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Stochastic processes for a physicist?

  1. Feb 25, 2015 #1
    I was wondering how useful a course in basic stochastic processes is if you want to pursue a career in physics? And especially for a theoretical physicist or astronomer.

    Im going to have to choose two courses next semester and I think I'm going to choose Special relativity and Mathematical physics. Since I don't think I can handle all three at the same time I was wondering if I should read Stochastic processes on my own over the summer, but I would like to know if it's useful first. I know it's hard to answer without knowing exactly what's in the course but just some opinions would be nice.
     
  2. jcsd
  3. Feb 25, 2015 #2
    Tough call, what specific problems interest you? I would say that usually stochastic processes in physics are covered well by statistical mechanics, but I've certainly seen exceptions (Markov processes are ubiquitous in biological/chemical physics, for instance).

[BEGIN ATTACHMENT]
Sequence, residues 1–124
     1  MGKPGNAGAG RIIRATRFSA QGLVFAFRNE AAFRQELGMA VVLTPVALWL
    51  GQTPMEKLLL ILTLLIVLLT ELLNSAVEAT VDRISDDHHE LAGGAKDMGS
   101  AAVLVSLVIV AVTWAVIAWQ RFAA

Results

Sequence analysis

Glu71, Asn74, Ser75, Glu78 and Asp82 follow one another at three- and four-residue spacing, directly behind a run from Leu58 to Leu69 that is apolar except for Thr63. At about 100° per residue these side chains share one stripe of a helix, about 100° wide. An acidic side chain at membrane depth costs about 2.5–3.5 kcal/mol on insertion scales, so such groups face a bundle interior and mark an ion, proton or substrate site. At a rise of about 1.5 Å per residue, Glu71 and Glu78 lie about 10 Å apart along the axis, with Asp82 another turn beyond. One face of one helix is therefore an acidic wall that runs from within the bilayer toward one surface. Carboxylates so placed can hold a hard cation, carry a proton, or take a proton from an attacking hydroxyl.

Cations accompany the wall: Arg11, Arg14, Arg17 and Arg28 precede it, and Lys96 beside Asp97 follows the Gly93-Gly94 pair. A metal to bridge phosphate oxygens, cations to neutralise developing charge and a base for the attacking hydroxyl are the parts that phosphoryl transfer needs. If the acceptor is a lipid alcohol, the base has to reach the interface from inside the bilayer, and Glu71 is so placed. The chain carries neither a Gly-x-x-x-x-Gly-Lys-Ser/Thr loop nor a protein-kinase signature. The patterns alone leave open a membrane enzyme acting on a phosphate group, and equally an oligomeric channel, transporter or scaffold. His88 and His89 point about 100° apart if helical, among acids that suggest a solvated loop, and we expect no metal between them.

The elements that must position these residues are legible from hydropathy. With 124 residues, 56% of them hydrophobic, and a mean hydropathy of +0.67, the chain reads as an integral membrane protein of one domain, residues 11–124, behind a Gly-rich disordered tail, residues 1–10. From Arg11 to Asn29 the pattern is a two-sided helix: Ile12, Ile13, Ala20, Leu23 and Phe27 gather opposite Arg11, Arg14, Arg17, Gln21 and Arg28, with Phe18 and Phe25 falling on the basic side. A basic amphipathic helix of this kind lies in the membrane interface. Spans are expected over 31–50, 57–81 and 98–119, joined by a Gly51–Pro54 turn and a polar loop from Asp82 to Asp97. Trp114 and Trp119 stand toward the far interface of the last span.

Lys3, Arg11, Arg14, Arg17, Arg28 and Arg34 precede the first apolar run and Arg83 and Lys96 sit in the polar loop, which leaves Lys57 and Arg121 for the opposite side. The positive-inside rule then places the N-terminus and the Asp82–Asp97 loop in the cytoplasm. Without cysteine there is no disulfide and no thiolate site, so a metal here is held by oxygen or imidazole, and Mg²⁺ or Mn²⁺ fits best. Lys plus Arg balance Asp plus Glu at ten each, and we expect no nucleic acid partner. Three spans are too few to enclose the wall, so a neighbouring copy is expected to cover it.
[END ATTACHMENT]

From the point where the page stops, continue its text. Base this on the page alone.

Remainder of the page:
4. Feb 25, 2015 #3
    I think theoretical particle physics and astronomy would be interesting fields. Mathematical physics also seems very interesting. I don't know if that's specific enough but that's all I got at the moment.
     
  5. Feb 25, 2015 #4
    Well if you work on quantum gravity stochastic processes probably won't help you much (from what I know anyway, and I'm no expert on QG). However stochastic processes are absolutely found in astrophysical problems. I would say it probably doesn't matter which you take in the long run, as you'll take extra courses or teach yourself what you need in graduate school. Stochastic processes won't hurt at any rate, so take what you find more interesting.
     
  6. Feb 25, 2015 #5
    Yes okey, that's nice to hear.
     
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